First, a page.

This is but one important lesson to be learnt (or simply reminded about) from a hugely encouraging collection of case studies. There are, inevitably, further questions, uncertainties and gaps concerning the trigger-points, pace and maintenance of school improvement which arise from these and similar studies.
But if Success Against the Odds can build on the practical helpfulness and theoretical possibilities of Ten Good Schools some 15 years ago (and everything that has emerged since then), it will have proved its worth times over.
It is worth recalling, also, that the National Commission's main report in 1993 was carefully entitled Learning to Succeed and in Success Against the Odds, the very heart of that report's main concern and aspirations is robustly and engagingly revived.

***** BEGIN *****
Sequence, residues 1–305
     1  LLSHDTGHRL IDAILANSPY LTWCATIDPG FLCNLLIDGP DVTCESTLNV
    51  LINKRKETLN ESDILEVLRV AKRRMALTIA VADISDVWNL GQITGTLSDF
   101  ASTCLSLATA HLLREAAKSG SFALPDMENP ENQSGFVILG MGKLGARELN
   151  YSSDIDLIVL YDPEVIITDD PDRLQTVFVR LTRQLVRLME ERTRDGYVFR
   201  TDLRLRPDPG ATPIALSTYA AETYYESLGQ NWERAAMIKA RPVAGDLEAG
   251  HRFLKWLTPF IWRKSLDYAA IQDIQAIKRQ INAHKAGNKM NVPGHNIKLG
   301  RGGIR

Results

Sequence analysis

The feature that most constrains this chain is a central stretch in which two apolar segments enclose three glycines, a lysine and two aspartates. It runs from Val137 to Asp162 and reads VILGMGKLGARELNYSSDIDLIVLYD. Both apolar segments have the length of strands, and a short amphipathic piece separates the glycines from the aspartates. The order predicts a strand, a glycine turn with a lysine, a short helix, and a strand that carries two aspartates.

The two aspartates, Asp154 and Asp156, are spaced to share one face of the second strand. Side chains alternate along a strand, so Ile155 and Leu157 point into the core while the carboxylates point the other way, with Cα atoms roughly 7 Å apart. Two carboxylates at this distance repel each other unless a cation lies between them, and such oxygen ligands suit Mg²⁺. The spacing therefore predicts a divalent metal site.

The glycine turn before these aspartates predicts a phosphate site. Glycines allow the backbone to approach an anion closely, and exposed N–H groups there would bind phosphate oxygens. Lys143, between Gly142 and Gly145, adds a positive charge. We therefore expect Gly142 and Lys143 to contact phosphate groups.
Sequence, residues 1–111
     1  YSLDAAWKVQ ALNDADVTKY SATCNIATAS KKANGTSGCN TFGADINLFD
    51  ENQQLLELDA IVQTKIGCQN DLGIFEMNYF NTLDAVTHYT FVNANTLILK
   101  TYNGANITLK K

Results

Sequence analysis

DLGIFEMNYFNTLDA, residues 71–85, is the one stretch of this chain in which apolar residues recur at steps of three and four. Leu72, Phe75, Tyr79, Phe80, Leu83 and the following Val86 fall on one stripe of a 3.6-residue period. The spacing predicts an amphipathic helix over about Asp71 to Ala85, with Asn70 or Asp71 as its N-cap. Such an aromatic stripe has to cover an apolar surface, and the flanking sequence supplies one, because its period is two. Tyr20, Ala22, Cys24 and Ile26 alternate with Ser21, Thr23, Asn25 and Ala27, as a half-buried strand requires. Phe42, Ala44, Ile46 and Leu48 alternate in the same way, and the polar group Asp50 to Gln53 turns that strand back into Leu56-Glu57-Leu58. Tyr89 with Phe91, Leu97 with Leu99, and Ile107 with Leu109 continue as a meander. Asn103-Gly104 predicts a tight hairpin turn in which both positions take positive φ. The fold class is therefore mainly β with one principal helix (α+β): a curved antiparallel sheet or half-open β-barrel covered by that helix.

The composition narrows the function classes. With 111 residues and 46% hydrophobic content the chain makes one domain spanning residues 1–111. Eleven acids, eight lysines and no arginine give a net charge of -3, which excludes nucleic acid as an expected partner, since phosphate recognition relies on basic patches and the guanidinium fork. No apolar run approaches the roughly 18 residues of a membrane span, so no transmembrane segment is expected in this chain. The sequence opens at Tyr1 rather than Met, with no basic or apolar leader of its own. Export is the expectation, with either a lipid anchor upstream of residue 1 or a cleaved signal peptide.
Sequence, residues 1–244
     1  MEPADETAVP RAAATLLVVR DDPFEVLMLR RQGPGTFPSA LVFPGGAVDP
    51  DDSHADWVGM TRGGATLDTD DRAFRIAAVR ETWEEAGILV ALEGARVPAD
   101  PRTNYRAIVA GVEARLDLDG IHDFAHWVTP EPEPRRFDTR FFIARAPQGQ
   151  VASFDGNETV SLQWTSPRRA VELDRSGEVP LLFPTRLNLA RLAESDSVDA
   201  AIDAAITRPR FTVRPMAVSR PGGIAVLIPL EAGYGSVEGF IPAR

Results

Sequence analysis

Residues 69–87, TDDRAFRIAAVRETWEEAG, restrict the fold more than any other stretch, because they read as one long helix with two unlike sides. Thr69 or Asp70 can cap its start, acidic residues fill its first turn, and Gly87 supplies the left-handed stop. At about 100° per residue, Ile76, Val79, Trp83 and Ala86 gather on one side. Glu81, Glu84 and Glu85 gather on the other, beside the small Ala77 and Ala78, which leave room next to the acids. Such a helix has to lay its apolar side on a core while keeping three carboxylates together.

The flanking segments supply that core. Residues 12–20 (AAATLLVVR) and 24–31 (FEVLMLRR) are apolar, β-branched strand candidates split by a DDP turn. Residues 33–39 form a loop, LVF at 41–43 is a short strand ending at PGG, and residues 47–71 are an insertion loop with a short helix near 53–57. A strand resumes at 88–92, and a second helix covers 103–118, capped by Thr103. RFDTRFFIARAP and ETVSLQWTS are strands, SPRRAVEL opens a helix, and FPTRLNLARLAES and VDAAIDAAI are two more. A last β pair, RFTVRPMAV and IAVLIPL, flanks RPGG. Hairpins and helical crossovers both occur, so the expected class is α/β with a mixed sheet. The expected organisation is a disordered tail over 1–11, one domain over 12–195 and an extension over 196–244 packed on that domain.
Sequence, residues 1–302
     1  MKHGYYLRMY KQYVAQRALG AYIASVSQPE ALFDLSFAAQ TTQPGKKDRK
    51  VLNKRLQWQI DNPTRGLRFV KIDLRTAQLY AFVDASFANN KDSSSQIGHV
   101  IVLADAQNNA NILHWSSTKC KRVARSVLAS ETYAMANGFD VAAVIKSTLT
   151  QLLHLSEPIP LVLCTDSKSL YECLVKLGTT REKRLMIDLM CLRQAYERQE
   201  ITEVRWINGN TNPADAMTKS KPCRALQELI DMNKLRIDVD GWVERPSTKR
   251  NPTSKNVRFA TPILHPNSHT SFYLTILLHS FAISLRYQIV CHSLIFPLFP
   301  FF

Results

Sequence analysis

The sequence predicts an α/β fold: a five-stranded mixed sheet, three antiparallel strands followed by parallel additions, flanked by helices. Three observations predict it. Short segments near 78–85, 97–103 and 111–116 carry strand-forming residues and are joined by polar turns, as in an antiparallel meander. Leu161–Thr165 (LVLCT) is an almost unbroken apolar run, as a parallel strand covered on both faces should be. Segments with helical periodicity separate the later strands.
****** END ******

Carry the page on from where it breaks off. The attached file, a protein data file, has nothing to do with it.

The infinite potential for learning and growing, which exists in all organisations and people, is celebrated and, most importantly, released and developed through a combination of cool analysis and warm feeling.
Professor Margaret Maden is director of the Centre for Successful Schools at Keele University and is a member of the National Commission on Education. Success Against the Odds is being published by Routledge this month.